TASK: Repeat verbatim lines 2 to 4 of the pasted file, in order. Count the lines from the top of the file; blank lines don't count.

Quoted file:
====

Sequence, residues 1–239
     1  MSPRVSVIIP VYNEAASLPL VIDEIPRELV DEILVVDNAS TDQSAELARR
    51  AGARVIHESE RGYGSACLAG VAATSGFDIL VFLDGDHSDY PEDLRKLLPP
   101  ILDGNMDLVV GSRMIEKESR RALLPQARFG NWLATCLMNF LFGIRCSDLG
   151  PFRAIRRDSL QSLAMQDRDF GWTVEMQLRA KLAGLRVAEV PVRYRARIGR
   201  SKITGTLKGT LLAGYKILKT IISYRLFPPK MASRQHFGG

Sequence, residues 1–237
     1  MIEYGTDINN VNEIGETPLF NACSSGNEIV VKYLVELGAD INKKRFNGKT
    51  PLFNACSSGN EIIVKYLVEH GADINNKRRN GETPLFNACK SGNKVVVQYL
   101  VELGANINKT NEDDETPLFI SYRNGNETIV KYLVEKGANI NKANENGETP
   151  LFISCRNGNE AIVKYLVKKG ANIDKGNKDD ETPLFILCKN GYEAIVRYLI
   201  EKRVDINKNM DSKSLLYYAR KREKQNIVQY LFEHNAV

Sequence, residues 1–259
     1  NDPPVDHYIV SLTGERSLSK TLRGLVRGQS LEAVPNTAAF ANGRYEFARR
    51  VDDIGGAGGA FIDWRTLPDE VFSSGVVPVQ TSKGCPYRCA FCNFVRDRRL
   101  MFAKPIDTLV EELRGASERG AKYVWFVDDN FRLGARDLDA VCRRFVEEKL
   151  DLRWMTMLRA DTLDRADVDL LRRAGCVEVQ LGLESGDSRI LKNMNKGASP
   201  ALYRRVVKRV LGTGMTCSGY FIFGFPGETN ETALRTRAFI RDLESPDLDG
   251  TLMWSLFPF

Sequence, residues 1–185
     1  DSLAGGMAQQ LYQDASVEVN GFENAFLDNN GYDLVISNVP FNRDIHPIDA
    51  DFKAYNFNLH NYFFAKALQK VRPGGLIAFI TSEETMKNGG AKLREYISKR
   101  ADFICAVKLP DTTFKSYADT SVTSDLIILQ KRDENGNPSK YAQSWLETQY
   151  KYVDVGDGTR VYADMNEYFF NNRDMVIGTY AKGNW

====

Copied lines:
     1  MSPRVSVIIP VYNEAASLPL VIDEIPRELV DEILVVDNAS TDQSAELARR
    51  AGARVIHESE RGYGSACLAG VAATSGFDIL VFLDGDHSDY PEDLRKLLPP
   101  ILDGNMDLVV GSRMIEKESR RALLPQARFG NWLATCLMNF LFGIRCSDLG